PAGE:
Barboza ultimately won a close decision, but here's hoping matchmaker Joe Silva finds away to put these two fighters together again in the future because what we witnessed on Saturday night was something awfully special.


Fireball Kid Extinguished

There's a famous line in the 1979 song "Hey Hey, My My" by Neil Young that says "it's better to burn out than fade away" and maybe that's true when it comes to rock stars, but it's certainly the reverse when applying that logic to combat sports and it was never clearer than watching former PRIDE legend Takanori Gomi fall by TKO for the second straight fight.

During his prime, Gomi was recognized as the best lightweight in the sport as he routinely punched a hole through his opponents with such vicious force that he barely needed a glancing blow to win by knockout. Gomi went on a 10-fight win streak between 2004 and 2005 that saw him either knock out or submit eight opponents while winning the PRIDE lightweight championship.

But age catches up to everyone and as Gomi started creeping into his 30s, the knockouts started to get fewer and fewer and the losses on his record began to mount. Every now and again, Gomi would pull out a classic finish -- like the time he face planted Tyson Griffin in the UFC -- but largely his best days were clearly behind him.

So it's been particularly hard to watch Gomi in his last two fights as he's been knocked out both times after never being knocked out previously in his career. He got blasted in just 92 seconds by Myles Jury last year in Japan and made it only a minute longer on Saturday night, this time being TKO'd by Joe Lauzon.

Gomi is now just 1-3 in his last four fights and 3-5 over his last eight. It's not easy to watch a legendary fighter settle into the latter stages of his career, but the worst possible ending for Gomi would be suffering more knockouts as he closes in on 40.  Hopefully somebody close to him will make sure he gets his head checked out thoroughly before opting to take another fight or discuss the possibility that maybe he shouldn't fight again.

The End of the Four Horsewomen

When Ronda Rousey stormed into the UFC in 2013, no one could have predicted at the time that she would eventually become the most recognized fighter on the entire roster and an international superstar who would appear at Wrestlemania and land acting roles in billion dollar franchises. Rousey even brought her friends along for the ride and christened the group consisting of Shayna Baszler, Jessamyn Duke and Marina Shafir as 'The Four Horsewomen'. 

It was a concept borrowed from the most famous professional wrestling faction of all time, the Four Horsemen. During their biggest days in sports entertainment, the Ric Flair-led Four Horsemen ruled the ring, with every combination of the group winning multiple titles and almost every member eventually being recognized as one of the greatest wrestlers of all time.

Unfortunately that's not been the case with the Four Horsewomen.

Outside of Rousey dismantling the competition in the bantamweight division, her three friends haven't had nearly as much luck. Baszler went 0-2 in the UFC after teaming up with Rousey and got bounced from the promotion following her last loss. Shafir, who fights at 145 pounds outside the UFC, has been knocked out in her two previous bouts in a combined 74 seconds. And then there's Duke, who might have been the best prospect of the entire bunch and she just dropped her third straight fight after winning in her Octagon debut in 2013.

None of this can be attributed to the fact that the four women became friends and formed a group together with a fun nickname, but the pressure that went along with that moniker certainly didn't help much. Actually, Rousey's next opponent, Bethe Correia, made it a point to target members of the Four Horsewomen just to earn her shot at the title despite never actually facing a top 10 opponent in the UFC.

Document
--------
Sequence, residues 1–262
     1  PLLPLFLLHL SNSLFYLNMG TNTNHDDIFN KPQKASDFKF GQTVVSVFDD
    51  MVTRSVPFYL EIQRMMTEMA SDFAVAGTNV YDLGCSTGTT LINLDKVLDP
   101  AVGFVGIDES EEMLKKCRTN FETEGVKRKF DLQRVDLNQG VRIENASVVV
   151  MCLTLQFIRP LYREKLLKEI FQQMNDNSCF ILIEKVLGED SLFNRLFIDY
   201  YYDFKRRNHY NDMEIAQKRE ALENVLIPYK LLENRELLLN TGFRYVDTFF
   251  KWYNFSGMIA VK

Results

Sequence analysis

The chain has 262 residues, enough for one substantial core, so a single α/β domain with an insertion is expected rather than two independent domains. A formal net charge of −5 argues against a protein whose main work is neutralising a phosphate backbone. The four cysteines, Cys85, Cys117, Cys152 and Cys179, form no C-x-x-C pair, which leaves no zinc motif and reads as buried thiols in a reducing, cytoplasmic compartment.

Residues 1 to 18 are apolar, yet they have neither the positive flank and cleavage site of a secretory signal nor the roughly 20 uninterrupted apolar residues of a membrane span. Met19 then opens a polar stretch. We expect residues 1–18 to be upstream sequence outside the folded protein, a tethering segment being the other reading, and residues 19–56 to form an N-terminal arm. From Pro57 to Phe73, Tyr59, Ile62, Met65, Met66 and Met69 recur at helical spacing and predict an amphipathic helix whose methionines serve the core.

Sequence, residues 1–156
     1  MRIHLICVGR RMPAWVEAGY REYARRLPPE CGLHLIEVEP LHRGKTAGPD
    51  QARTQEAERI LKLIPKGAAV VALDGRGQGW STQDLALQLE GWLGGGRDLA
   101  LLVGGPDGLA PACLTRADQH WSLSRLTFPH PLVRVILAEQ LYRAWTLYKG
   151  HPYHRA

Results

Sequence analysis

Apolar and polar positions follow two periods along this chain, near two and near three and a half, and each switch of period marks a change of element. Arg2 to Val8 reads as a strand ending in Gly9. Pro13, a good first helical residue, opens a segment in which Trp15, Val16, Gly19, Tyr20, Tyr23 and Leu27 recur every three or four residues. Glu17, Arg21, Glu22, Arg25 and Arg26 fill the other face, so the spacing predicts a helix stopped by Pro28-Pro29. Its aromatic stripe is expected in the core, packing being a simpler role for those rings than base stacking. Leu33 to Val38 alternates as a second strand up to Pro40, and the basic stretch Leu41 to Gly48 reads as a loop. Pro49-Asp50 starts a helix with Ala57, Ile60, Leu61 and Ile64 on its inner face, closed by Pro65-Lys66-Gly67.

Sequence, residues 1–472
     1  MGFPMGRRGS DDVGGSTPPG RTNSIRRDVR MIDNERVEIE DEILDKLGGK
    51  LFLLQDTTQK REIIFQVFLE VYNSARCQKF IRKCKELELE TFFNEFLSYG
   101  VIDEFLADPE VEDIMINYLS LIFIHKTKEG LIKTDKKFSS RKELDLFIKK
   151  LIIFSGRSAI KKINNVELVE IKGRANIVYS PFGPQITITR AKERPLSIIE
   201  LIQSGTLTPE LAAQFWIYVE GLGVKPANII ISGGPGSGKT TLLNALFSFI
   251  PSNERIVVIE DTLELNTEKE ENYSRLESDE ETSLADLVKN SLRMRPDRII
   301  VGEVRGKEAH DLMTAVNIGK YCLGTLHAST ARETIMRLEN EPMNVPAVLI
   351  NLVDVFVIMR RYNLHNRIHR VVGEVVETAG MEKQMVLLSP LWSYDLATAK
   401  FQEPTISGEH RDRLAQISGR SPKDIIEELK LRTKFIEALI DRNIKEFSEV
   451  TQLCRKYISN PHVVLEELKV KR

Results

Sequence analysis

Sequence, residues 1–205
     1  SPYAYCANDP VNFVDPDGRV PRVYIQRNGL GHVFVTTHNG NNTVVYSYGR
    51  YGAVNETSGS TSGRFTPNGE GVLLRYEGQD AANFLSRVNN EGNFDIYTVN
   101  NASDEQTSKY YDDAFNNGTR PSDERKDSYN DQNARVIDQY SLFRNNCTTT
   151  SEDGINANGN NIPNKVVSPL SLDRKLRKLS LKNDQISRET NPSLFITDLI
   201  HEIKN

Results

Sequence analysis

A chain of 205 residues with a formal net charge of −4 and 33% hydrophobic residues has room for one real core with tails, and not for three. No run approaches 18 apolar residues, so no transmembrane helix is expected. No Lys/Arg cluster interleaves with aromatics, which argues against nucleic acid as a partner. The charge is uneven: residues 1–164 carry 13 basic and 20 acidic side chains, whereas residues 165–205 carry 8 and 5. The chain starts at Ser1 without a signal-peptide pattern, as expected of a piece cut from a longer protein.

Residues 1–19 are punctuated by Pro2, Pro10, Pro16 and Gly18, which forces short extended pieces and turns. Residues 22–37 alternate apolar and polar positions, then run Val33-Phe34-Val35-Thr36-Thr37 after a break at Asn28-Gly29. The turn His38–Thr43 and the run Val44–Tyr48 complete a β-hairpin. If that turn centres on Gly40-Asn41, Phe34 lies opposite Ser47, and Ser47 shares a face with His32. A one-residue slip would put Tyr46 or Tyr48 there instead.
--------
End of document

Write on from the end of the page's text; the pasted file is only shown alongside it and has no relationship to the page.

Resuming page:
It was a novel concept and for a pro wrestling enthusiast like myself, something quite fun as well, but facts are facts -- the Four Horsewomen are no more.


Judges and Referees Have a Rough Night

So let's talk about all the gaffes made by the referees and judges at FOX UFC Fight Night: Dillashaw vs. Barao 2 because they were plentiful.

It started off with the prelims as Ramsey Nijem was absolutely robbed of a victory after the judges scored the fight in favor of his opponent Andrew Holbrook after three rounds. Nijem was the more active striker, out-landing Holbrook 29-20 in significant shots landed. He was six-for-six on takedowns and managed five guard passes during the fight as well. Certainly, Holbrook threatened with submissions but it appeared the damage he took from Nijem's punching power outweighed or at worst equaled those attempts. Still two judges saw the fight going the other way and Nijem left with a loss.

The referees didn't get away from bad judgments on this card either.

Herb Dean, who is the gold standard when it comes to referees in MMA, failed to notice that Takanori Gomi had been knocked clean out and Joe Lauzon actually got up from the ground, stood and began to celebrate while he was still staring down at the Japanese fighter passed out on the canvas. Only after Gomi barely picked his head up off the mat did Dean finally call a stop to the fight.

Then there was the bizarre standup in the co-main event when referee Yves Lavigne told Miesha Tate to get up off the ground while maintaining back control on Jessica Eye. Stand ups should never happen in my humble opinion, but in this case it was downright egregious because Tate was in full control and doing damage, but apparently not enough for Lavigne's liking.

I say the same thing all the time -- referees and judges have the most thankless jobs in the entire MMA industry -- but it's hard not to call them out on mistakes like these because in these cases one guy is going home with half his paycheck and another loss on his record while another might be dealing with a second straight concussion and maybe even worse if not for his opponent actually saying enough is enough and stopping the carnage.